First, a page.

25th anniversary party-time in Berlin after sombre Wall commemoration
25th anniversary of Wall’s collapse marked by strangely differing moods
A day that began in mournful contemplation ended in a raucous street party for hundreds of thousands as Germany marked the 25th anniversary of the collapse of the Berlin Wall.
The split nature of the commemorations – downbeat trumpets on Sunday morning, gyrating pop stars at night – reflected the silver anniversary’s strange duality.
A quarter of a century after it came down, the wall still evokes some of modern Europe’s darkest hours and hardest-fought triumphs. And in this nation of 80 million its demise is at once an occasion for sober reflection about its many victims and cause for rejoicing over the cold war’s abrupt end.
Under chilly grey skies, dissidents and dignitaries gathered on Sunday morning in a residential section of central Berlin next to an extant portion of the wall that has been refurbished as a memorial.
With a former East German watchtower looming behind her, Chancellor Dr Angela Merkel received a flower from one of dozens of goodwill child volunteers and joined them and others in placing the blossoms in spaces in the wall.
On Sunday evening, entertainers of all stripes took the stage outside the Brandenburg Gate, the ornate landmark that separated East and West Berlin and where numerous leaders, including Ronald Reagan, gave famous cold war speeches.
The evening contained some political content – after nodding to Mikhail Gorbachev on a dais, Berlin Mayor Klaus Wowereit drew cheers of “Gorby” from the crowd – but for the most part music and revelry reigned.
Peter Gabriel performed his cover of Heroes, the song David Bowie famously sang, in German, during a cold war concert in West Berlin, and conductor Daniel Barenboim led the Berlin State Opera orchestra in a spirited performance of Beethoven’s Ninth Symphony.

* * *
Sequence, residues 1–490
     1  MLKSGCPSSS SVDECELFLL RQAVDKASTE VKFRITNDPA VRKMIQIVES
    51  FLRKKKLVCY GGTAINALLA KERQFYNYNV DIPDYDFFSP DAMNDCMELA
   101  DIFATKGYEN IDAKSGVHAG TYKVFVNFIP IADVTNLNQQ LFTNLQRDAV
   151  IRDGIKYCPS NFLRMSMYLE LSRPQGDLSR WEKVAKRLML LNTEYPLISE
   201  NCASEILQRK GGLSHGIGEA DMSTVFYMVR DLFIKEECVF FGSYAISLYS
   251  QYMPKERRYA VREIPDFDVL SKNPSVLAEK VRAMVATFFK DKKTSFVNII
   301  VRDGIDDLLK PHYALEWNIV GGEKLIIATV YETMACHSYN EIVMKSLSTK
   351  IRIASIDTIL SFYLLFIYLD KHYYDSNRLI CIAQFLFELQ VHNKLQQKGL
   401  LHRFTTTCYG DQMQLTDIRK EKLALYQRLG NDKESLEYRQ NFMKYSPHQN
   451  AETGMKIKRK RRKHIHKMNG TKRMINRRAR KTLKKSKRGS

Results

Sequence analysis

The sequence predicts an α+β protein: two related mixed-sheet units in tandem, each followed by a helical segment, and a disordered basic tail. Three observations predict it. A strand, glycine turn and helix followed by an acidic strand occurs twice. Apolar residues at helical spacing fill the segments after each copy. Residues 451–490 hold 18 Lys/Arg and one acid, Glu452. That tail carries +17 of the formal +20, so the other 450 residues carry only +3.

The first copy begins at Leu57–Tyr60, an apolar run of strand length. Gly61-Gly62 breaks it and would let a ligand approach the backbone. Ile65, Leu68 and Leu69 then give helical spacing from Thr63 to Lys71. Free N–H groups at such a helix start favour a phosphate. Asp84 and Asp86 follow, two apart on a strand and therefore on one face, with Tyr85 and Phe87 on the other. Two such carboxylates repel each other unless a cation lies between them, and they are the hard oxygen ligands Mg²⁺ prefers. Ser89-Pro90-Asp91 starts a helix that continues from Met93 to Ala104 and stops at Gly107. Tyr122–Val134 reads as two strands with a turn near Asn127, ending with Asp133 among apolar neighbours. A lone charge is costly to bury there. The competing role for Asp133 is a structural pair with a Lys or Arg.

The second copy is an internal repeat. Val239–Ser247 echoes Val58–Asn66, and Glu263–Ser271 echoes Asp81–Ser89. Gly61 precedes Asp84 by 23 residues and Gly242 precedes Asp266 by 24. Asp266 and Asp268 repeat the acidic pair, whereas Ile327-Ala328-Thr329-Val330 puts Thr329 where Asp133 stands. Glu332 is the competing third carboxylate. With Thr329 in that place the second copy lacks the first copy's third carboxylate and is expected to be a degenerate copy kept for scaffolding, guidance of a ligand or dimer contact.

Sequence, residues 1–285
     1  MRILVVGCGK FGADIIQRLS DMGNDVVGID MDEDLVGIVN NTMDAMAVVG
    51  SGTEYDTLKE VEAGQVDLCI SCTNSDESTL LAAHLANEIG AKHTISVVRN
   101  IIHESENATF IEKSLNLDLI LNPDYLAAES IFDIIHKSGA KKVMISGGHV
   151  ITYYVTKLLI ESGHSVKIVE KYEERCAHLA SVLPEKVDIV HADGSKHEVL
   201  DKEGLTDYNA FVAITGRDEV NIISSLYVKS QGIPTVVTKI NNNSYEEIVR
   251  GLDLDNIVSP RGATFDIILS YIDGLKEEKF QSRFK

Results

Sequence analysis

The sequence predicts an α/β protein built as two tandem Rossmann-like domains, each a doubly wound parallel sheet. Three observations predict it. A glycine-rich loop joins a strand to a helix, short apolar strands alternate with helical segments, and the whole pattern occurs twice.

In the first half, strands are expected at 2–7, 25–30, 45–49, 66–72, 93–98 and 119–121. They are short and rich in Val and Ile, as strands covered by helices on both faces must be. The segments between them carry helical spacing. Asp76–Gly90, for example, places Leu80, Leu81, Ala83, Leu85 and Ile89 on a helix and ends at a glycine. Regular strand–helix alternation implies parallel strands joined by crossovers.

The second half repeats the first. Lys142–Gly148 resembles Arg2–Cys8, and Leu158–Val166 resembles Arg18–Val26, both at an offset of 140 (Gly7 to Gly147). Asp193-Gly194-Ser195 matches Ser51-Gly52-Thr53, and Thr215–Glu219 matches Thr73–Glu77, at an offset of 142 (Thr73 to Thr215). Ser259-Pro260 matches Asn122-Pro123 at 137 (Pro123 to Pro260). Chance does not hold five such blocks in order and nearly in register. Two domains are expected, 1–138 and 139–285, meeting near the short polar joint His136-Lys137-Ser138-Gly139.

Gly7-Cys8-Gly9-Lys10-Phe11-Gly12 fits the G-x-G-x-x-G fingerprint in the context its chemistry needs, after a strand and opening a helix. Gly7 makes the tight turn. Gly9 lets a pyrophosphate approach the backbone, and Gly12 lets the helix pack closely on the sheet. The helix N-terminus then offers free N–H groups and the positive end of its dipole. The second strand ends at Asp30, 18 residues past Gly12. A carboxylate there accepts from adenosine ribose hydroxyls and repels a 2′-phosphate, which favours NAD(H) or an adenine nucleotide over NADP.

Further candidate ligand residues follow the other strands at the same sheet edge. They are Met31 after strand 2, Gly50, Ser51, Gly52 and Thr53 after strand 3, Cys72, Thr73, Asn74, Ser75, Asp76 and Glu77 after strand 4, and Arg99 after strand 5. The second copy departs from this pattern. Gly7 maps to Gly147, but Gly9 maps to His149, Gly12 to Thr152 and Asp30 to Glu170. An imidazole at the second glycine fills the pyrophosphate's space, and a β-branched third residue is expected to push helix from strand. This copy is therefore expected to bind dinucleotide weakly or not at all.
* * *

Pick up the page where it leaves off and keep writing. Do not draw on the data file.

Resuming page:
Various German pop stars, youth choirs and performance dancers took the stage in acts that reflected the era of the wall.
Perhaps the night’s strangest turn came when the cold war-era pop star Udo Lindenberg took the stage. The freewheeling singer had a key role during the wall era – he had played a show in East Berlin, rallying the city’s youth.
Beyond the Horizon, a current hit musical about love divided by the Berlin Wall, is inspired by his life and career.
After performing numbers from the show, Lindenberg proceeded to camp it up, using a microphone cord as a lasso and kissing female performers. He also high-fived a man in a Berlin bear costume and danced suggestively with a scantily clad woman who descended by crane from a neon hoop in the sky.
Then Lindenberg ascended a giant bird cage of sorts and drifted away over the crowd.
Berliners might have needed a release after the daytime events.
At the flower-placing memorial on the city’s once-divided Bernauer Street, now in the fashionable Mitte district, dissidents described the “tears of blood” that ran through the city because of the cold war era-divide.
Merkel and Wowereit stood just feet from the death strip, the shoot-to-kill buffer zone where an estimated 138 people were slain trying to escape East Germany.